The revolving door spit Andrew into the lobby, where he stopped dead in his tracks at the sight of us. Everyone within earshot gathered around to watch the flash mob in action. It was exhilarating and I enjoyed every second of it, even when I tweaked my lower back on one of the turns. The ibuprofen and heating pad later would be worth it.
The final moment had me sliding on my knees to land in front of Andrew while the four dancers behind me each held up a sign with a single word that amounted to Will You Marry Me?
I ignored the sharp pain in my left knee and beamed up at a slack-jawed Andrew.
“What is all this?” he asked.
Not the reaction I’d hoped for.
“What does it look like? It’s a flash mob proposal.” I remained on my knees, mainly because I couldn’t get up without help.
Andrew took a step backward, two bright spots forming on his cheeks. “I thought we were meeting for coffee. I had something to discuss with you.”
“I guess that something wasn’t marriage.” My stomach began to churn. It seemed that my incredible idea wasn’t so incredible after all. I heard someone tell Tricia to stop filming.
“I need to go,” Andrew said. “This was a mistake.” He turned and nearly got stuck in the revolving door in his haste to escape.
I felt a hand slide under my armpit and help me to my feet.
“Thank you, everyone,” I said weakly. I followed the herd back to the elevator bank and stuffed myself between two of the reporters. I held my breath to avoid the stench of body odor.
I returned to my desk in a haze of disappointment and humiliation.
“You caught him by surprise, that’s all,” Carole said. “He probably wanted to be the one to propose.”
“Yes, I’m sure that’s it.” But I wasn’t sure at all. The look in Andrew’s eyes…
“I think we should do a flash mob with Santa hats and make it our holiday video next year.”
“It’s March. Plenty of time to plan that one.” The back of my neck began to bother me. It felt like a dozen tiny needles pricking my skin. Maybe I’d tweaked more than my lower back without realizing it.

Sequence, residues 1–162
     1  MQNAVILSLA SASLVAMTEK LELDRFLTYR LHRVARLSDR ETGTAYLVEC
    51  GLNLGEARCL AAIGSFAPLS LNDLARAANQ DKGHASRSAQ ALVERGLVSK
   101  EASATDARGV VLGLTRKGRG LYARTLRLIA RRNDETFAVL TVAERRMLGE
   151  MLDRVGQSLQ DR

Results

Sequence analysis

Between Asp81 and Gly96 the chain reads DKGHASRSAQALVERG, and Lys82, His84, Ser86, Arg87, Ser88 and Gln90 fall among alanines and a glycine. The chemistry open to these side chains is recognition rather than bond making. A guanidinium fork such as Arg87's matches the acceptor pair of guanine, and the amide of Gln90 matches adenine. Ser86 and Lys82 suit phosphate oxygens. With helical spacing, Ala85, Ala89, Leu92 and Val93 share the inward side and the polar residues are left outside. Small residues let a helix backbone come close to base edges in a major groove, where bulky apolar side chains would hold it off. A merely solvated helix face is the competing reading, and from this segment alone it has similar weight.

“Are you okay?” Carole asked. “You look pale.”
I rubbed the back of my neck in an effort to ease the discomfort. “I’ll be fine.”
She handed me a bottled water from her desk drawer. “Here. Drink this.”
As I unscrewed the lid, I heard Steve’s voice from the other side of the partition.
“It was only harmless fun, Lynette,” he said, and my stomach plummeted.
Carole swiveled around to look at me, the color draining from her face. How could Lynette have gotten wind of it already?
Carole and I stared at the phone on my desk, waiting for it to ring.
“It wasn’t anything official,” I heard Steve say. Protecting his sources was second nature to him and I was grateful for the instinct. “I don’t see what the big deal is. I’m the bureau chief and I have no problem with it, so I don’t get why you should care.”
I closed my eyes and swore under my breath. I thought we’d dodge the Lynette bullet but apparently not. The woman had eyes and ears everywhere.
Steve slammed down the phone and called Lynette a few choice names.
“Thanks, Steve,” I yelled.
“You’re not out of the woods yet,” he called back. “You know Lynette. She’s like a dog with a bone.”
He wasn’t wrong. Her nickname in certain circles was ‘the pit bull,’ which I considered an insult to pit bulls.
Carole’s phone rang—not the landline but her cell phone. Her hands began to shake.
“Don’t answer it,” I said.
Carole’s hand hovered over the phone. “I can’t ignore her.”
“You can,” I said. “Pretend you’re in the bathroom. No one answers the phone in the bathroom.”
“I do when it’s Lynette,” Carole admitted.
Of course she did.
The ringing stopped and we breathed a collective sigh of relief—until my phone lit up.
I’d just had a marriage proposal rejected by my boyfriend. Did I really need to deal with one of Lynette’s tantrums too?
“Here we go.” I clicked the screen. “Hey, Lynette. How are you?”
“How do you think I am after what I just saw?”
“I feel like I should be the one saying that.”
“Karaoke at the holiday party wasn’t enough for you, was it? This company doesn’t exist to be your personal playground, you know.” She didn’t give me a chance to respond. Her tirade included more swear words than a Jersey shore party. There were also accusations of destroying the integrity of the paper and making a mockery of her.
“I don’t see why you’re so angry about this,” I managed to interrupt.
“We’re the most respected entertainment publication in the business and you’ve reduced us to a laughingstock on social media,” she screamed.
I rubbed my forehead, confused. “Social media? I didn’t post this anywhere. It was meant to be private.” Private humiliation, as it turned out.